There’s a chore I’ve been putting off for some time, that I know will be one of the more unpleasant things I’ve encountered so far on our little farm. It’s time to thin my chicken flock.
Reflections at the end of a Midwestern growing season.
I've been canning, freezing, and dehydrating summer's bounty to enjoy in winter. But it bothers me that all these methods use substantial amounts of electricity. Readers, help me out?
Living things have a habit of not doing what you expect them to. But sometimes plants and animals can go places you aren't intending, and the consequences can be minor ... or catastrophic.
How far do you go to treat a farm animal? Balancing animal welfare, farm economics, and government means making tough calls.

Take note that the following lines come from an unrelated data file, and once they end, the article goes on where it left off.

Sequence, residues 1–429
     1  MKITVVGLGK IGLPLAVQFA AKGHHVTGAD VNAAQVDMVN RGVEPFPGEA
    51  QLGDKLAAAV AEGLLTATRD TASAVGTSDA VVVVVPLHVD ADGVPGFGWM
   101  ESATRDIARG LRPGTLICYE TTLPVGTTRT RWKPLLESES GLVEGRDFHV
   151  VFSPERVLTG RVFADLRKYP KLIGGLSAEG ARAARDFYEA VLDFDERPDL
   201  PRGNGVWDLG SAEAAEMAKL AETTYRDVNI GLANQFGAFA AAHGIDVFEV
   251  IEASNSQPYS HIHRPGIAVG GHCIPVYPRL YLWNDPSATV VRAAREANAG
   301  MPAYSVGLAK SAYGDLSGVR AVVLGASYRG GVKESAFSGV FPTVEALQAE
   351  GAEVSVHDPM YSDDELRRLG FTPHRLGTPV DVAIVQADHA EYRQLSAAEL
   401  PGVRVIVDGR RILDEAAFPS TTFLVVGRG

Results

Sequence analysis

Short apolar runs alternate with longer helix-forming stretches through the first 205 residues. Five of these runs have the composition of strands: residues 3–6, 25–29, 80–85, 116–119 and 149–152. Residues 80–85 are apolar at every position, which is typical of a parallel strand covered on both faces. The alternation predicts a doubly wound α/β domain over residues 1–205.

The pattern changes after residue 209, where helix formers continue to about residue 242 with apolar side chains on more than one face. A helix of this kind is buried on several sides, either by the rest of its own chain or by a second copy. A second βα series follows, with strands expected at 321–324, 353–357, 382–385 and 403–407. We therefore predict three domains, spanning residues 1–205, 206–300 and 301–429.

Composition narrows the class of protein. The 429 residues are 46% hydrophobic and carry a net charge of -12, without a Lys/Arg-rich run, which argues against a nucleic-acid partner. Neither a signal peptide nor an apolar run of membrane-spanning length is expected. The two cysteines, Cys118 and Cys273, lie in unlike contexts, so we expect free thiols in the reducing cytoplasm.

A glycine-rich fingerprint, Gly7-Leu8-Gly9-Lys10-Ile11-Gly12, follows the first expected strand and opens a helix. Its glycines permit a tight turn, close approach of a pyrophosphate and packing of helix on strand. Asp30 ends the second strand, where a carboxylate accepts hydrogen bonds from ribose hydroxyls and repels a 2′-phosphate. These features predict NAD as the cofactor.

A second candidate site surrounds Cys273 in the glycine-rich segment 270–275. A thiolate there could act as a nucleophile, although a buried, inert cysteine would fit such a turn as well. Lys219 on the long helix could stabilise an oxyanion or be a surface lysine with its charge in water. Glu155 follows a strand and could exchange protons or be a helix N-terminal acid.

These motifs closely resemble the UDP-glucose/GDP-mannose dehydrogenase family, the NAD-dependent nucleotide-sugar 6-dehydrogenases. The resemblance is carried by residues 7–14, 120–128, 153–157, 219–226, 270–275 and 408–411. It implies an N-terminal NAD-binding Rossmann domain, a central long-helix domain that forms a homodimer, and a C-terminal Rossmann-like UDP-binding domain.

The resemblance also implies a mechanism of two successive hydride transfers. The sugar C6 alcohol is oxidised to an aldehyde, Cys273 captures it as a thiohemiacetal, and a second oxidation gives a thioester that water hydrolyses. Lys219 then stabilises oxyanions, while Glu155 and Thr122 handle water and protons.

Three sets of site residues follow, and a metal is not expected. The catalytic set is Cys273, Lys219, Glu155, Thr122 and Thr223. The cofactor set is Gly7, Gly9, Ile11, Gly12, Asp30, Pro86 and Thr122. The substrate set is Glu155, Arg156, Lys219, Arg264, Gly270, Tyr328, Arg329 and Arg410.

It's like Easter in September on my farm, where "free range" seems to mean "free to lay your eggs anywhere but in your nice, spacious coop."
This year's mosquitoes are sucking all the life out of summer on a farm in Nebraska.
In 1999, there were three grape vineyards in Iowa. Now there are 230. But each could be wiped out by a commonly applied pesticide called 2, 4-D.
When the tomatoes turn red and the corn is so tall I can't even reach the top by jumping, I get a hankering for funnel cake, sno-cones, and the tilt-a-whirl. It must be county fair season in the Midwest! But while those things are still on offer, other traditions are disappearing.